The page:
Arguably low to moderate concentrations of redox-sensitive elements (2100 to 2800 ± 2200 mg/kg of Fe and Mn) and the virtual absence of any transition metals in the dolomites from Erzberg indicate that dominantly oxic conditions prevailed during the majority of the crystal growth of the dolomites. This contrasts with the occurrences of modern and ancient dolomites in mostly reducing sedimentary environments and deep-marine dolomites formed alongside anaerobic oxidation of methane, which frequently contain much higher Fe and Mn contents (e.g., several mole percent13,50,51,52,53). Moreover, the extremely low Na and Sr contents (30 ± 10 mg/kg) of the dolomites from Erzberg greatly differ from common marine and lacustrine dolomites (e.g., several hundreds of mg/kg13).

Finally, it seems unlikely that the presence of illitic clays or carboxyl functional groups had a strong influence on dolomitization at Erzberg, i.e., through electrostatic binding, desolvation and carbonation of Mg2+ and Ca2+ ions at the fluid-mineral interface16,19. This is indicated by the low contents of illite in the carbonate fracture mineralizations and low concentrations of dissolved organic carbon species (DOC: 0.4 mg/l) present in the modern meteoric water from southern sections at Erzberg.

It can be concluded that high Mg/Ca ratios and carbonate alkalinity, elevated pH, carbonate precursors and reaction time3,8,46 are likely the most critical parameters for controlling the formation of the fracture dolomites at Erzberg. Favorable physicochemical conditions in the continental-meteoric setting at Erzberg have indeed led to the formation of fracture dolomites that are encountered unique, e.g., see Supplementary Tables 48 for mineralogical, elemental, and isotopic signature.

Fracture dolomite as a continental palaeo-environmental archive

The reconstruction of palaeo-environmental conditions recorded in continental and marine carbonate archives is the key to the understanding of the Earth’s climatic evolution over time, and for the prediction of the potential responses of terrestrial ecosystems to modern climate change53,54. At present, the reconstruction of continental depositional environments of the past and evidence for particularly rapid climate change in modern times are largely derived from the study of speleothems, lake deposits, travertine, fracture carbonates and soil carbonates, i.e., calcrete25,26,36,55,56. Our study demonstrates the potential of authigenic carbonates infilling young fractures in the low temperature and high-altitude alpine environment of Erzberg to be used as a sensitive palaeo-environmental archive. Apart from the prominent erzbergite fracture mineralizations, whose applicability in palaeo-environmental reconstruction studies has been recently evaluated30, the carbonate fracture mineralizations exposed in the southern section at Erzberg host two generations of authigenic fracture dolomites. Both dolomite generations carry important environmental information on varying palaeo-fluid δ18O compositions (−14.1 to −8.5 ‰, VSMOW), water flow paths and related crystallization modes (phreatic vs. vadose), palaeo-redox conditions (dominantly oxic), dolomite depositional ages (Pleistocene to recent) and formation temperatures (glacial to ambient interglacial), which have not yet been been reported in dolomite research.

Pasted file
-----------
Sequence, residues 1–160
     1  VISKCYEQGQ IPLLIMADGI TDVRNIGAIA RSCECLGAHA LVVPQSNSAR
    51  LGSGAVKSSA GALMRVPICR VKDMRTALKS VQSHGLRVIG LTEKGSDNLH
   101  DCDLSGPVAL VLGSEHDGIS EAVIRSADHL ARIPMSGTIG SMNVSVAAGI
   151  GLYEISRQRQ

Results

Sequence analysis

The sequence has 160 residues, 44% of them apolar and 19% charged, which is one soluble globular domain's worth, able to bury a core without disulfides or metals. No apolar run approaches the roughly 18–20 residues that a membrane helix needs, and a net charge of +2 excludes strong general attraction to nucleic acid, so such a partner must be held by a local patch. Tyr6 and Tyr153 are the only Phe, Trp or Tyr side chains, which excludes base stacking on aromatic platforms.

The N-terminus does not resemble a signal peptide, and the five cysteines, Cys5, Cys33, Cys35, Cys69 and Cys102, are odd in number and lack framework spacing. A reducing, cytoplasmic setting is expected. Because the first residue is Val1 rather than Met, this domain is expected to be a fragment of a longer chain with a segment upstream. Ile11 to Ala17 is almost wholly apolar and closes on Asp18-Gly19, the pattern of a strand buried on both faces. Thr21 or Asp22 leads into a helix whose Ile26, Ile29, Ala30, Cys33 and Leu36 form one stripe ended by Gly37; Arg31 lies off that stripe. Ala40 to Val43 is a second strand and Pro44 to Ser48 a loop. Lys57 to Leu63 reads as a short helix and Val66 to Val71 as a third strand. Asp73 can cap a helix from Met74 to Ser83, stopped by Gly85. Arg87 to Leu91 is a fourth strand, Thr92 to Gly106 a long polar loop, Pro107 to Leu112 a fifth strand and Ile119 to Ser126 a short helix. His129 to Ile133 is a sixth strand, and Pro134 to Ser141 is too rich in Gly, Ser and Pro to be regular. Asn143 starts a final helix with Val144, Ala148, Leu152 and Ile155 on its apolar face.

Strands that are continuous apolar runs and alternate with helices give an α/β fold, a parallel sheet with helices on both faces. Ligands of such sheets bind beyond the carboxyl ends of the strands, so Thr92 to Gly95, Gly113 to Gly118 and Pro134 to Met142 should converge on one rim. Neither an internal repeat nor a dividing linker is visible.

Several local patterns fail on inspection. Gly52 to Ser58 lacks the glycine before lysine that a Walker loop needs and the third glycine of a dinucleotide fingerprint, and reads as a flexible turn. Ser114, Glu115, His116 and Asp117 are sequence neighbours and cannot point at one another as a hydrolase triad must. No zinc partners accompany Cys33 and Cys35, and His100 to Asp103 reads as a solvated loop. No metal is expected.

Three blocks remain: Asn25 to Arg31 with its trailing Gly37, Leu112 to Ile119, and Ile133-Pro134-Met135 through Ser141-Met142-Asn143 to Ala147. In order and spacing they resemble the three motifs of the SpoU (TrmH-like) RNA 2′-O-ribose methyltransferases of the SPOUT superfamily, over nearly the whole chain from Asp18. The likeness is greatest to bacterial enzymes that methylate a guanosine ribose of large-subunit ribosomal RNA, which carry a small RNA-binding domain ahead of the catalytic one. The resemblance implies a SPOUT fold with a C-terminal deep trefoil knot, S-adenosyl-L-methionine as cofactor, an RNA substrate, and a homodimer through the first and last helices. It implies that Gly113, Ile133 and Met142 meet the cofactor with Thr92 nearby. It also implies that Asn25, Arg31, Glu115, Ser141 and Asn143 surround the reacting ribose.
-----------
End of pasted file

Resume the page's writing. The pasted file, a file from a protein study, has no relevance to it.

Complementary analyses of radiogenic Sr (87Sr/86Sr) isotopic compositions of the erzbergite, dolomite-bearing layers, carbonate host rocks and meteoric water-derived solutions provide additional clues on the provenance of Sr in the carbonates, the origin of water and fluid-rock interactions57, with implications for the interpretation of modern hydrochemistry at Erzberg. Specifically, from the cross-plot of the 87Sr/86Sr composition vs. 1/Sr (Fig. 6) the following conclusions can be drawn: (i) The origin of the carbonate fracture mineralizations at Erzberg can be explained by contributions from two sources, with iron ore carbonates and Devonian limestones (Sauberger Kalke) as end-members. (ii) The 87Sr/86Sr isotopic composition of the spheroidal dolomite is mainly sourced from the dissolution of the iron ore carbonates, which suggests that intensified weathering and restricted water flow prevailed at around the Last Glacial Maximum (cf. Stage iv) in Fig. 4). (iii) Erzbergite and matrix dolomite have a mixed 87Sr/86Sr isotopic composition, indicative of changes in provenance and related water mixing regimes in more recent times (cf. Stage iv) and (v) in Fig. 4). (iv) The modern hydrochemistry at Erzberg still holds a great potential for recent erzbergite formation and even dolomitization, as inferred from the similar 87Sr/86Sr isotopic compositions of geologically young erzbergite, matrix dolomite and meteoric water from southern sections at Erzberg. Most of the modern fracture water and surface water at Erzberg are strongly oversaturated with respect to aragonite, calcite and dolomite (see Supplementary Table 3 for modern water composition), which suggests that the carbonate vein mineralizations still proceed until recently. The latter findings make this study site interesting for future studies on thermodynamic and isotopic equilibria between modern meteoric water-derived solutions and young Ca-Mg carbonates.

Fig. 6: 87Sr/86Sr vs. 1/Sr mixing diagram indicating a mixed origin of the authigenic carbonate fracture mineralizations at Erzberg.
figure 6